The July 14 procession
After days of float preparation, alter-decorating, and (of course!) street food snacking, citizens fill downtown streets on the evening of July 14 to see the theater, music, dance, parading, and fireworks of Santa Rosalia.
Built in 1184, Palermo's cathedral on Corso Vittorio Emanuele has since been shaped by Gothic, Catalan, and Neoclassical forces. Here, the ivory walls glowed with fire-like lights, dancers took to the balustrades, and a storyteller backed by soaring orchestral music gave a performance honoring the good fortune Santa Rosalia has bestowed on the city.
The crowd follows the floats down to the water, where music and fireworks fill the night. The good energy of the night is so infectious that even when I eventually fell asleep, in an apartment a few blocks away, I couldn't complain about the (lullaby of) laughter, music, and conversation as it continued into the wee hours.
The day after the procession, Giacomo and I went to the nearby resort town of Mondello (7 km from downtown Palermo) to shoot a time-lapse of Monte Pellegrino. When he said we were stopping for an ice-cream sandwich, I expected a gelato-filled version of the cardboard chocolate crackers we have in America. Instead, he ordered this brioche-like treat, here with nutella and pistachio gelato.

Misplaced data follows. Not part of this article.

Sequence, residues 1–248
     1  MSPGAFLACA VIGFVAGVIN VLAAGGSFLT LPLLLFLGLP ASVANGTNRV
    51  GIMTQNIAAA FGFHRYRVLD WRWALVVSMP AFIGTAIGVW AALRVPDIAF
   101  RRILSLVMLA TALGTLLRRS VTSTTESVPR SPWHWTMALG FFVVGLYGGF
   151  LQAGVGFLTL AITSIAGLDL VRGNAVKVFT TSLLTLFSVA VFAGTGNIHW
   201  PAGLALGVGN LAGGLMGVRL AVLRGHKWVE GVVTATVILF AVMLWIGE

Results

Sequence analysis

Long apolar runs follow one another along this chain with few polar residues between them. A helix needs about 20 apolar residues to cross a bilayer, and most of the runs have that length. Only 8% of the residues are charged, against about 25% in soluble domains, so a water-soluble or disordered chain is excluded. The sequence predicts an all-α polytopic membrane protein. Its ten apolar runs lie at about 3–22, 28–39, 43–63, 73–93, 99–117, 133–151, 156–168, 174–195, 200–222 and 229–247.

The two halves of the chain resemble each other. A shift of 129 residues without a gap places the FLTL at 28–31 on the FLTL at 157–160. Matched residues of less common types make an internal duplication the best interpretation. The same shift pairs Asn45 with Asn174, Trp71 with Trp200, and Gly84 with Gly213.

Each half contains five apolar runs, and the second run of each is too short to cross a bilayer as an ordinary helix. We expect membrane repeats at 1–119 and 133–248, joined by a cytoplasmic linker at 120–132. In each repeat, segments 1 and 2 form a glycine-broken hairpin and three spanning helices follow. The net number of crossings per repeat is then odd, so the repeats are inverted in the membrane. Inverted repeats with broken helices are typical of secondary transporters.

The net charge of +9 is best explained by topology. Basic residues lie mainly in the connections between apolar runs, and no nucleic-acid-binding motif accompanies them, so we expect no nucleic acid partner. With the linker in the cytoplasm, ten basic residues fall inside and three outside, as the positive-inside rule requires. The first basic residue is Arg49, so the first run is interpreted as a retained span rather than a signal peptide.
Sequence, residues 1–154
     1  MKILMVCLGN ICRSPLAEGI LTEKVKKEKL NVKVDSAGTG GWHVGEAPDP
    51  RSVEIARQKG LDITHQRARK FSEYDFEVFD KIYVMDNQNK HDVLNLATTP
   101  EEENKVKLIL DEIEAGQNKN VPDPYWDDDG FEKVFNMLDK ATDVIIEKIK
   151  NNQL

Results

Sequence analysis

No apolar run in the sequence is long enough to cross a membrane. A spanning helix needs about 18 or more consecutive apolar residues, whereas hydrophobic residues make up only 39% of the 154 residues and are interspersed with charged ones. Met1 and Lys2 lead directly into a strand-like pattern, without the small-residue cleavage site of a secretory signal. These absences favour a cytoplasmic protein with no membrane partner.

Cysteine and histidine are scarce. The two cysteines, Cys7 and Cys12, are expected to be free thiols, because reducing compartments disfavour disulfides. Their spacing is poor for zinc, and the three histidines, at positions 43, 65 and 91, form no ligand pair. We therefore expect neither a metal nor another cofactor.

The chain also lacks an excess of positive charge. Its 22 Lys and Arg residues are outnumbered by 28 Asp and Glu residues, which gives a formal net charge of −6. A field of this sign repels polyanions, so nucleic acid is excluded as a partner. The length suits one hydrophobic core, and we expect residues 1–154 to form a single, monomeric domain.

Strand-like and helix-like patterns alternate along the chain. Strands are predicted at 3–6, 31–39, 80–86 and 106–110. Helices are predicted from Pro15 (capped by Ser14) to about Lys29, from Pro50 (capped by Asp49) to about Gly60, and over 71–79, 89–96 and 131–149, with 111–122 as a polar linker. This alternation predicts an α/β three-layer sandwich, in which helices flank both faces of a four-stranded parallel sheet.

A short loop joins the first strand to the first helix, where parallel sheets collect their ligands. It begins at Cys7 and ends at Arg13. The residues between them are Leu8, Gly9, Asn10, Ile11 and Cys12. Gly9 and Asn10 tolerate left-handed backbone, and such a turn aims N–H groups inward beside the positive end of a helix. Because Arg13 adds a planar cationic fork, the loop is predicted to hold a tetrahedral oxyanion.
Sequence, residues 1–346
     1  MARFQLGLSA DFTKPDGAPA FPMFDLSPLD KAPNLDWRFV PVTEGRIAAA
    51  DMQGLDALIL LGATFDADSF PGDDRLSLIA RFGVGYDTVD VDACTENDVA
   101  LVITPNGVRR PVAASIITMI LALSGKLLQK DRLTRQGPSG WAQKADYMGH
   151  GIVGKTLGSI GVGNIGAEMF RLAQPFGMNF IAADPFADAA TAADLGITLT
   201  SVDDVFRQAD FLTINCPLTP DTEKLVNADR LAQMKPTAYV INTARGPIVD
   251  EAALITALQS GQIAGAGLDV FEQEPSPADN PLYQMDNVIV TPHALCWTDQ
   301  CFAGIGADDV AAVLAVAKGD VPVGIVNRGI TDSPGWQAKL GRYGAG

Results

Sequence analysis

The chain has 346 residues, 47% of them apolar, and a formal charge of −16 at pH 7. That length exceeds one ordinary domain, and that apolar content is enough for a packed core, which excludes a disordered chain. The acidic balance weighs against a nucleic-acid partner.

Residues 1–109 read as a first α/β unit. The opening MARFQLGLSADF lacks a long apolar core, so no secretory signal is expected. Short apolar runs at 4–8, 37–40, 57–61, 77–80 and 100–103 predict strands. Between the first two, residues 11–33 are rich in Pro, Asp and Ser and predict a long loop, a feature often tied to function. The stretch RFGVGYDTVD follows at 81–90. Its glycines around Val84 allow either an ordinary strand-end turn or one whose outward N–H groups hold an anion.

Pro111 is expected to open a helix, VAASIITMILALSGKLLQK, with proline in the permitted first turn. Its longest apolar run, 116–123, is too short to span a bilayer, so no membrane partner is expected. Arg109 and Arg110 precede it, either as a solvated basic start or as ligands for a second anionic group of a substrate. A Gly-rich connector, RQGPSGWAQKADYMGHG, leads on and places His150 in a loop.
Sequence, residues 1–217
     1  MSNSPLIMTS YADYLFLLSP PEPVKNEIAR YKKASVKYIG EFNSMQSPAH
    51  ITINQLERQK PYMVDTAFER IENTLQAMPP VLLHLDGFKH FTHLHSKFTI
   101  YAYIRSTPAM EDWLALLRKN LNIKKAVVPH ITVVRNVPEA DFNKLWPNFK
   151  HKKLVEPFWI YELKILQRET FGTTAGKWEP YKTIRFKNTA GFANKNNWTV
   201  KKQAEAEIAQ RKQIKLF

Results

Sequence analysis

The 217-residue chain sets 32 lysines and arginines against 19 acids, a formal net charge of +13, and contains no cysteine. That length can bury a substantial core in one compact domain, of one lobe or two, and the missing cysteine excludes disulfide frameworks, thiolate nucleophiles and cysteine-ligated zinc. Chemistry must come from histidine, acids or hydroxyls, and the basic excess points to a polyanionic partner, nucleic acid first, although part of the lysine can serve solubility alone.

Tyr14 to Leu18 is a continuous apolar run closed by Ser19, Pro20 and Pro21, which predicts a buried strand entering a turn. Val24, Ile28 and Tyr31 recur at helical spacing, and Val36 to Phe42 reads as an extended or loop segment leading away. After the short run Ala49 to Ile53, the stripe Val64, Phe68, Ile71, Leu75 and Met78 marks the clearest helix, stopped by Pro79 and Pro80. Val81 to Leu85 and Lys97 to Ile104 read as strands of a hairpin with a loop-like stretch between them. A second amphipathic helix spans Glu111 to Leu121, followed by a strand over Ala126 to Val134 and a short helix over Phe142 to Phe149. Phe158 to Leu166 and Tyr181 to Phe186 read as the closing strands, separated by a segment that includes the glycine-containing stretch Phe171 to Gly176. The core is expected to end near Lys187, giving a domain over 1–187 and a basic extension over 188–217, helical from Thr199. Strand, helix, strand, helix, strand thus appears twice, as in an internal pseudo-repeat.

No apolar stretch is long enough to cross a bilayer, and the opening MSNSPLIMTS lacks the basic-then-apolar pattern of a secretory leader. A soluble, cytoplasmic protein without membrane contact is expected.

Ten days after I arrived in Sicily from America, I boarded the squeaking two-car train in Vallelunga and left the Anna Tasca Lanza Cooking School for the capital city of Palermo to film the Festa di Santa Rosalia, dedicated to the city's patron saint.
When the jovial train conductor heard my accent, she called me “principessa,” and asked if I was from New York. When I told her no—Portland Oregon, near California—she introduced me to the rest of the train as “California.” We’ll see if the nickname sticks next time I board the train.